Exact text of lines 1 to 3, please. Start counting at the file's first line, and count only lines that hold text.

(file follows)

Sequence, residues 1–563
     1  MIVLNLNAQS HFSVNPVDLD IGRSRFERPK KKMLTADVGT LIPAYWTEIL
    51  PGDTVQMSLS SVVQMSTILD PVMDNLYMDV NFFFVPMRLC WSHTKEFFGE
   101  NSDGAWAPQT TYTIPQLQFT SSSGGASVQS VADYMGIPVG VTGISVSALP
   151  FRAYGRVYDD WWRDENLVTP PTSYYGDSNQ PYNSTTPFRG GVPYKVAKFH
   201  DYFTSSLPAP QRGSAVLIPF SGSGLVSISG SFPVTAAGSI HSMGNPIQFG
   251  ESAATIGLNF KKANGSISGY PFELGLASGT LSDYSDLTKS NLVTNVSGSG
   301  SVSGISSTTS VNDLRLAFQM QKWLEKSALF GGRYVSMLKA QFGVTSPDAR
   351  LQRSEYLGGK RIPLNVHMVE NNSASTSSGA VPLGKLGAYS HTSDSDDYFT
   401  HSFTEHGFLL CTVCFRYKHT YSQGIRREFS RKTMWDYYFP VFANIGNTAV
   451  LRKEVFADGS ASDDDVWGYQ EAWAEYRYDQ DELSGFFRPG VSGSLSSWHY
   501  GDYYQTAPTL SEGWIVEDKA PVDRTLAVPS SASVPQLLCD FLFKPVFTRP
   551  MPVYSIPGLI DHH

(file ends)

Sequence, residues 1–563
     1  MIVLNLNAQS HFSVNPVDLD IGRSRFERPK KKMLTADVGT LIPAYWTEIL
    51  PGDTVQMSLS SVVQMSTILD PVMDNLYMDV NFFFVPMRLC WSHTKEFFGE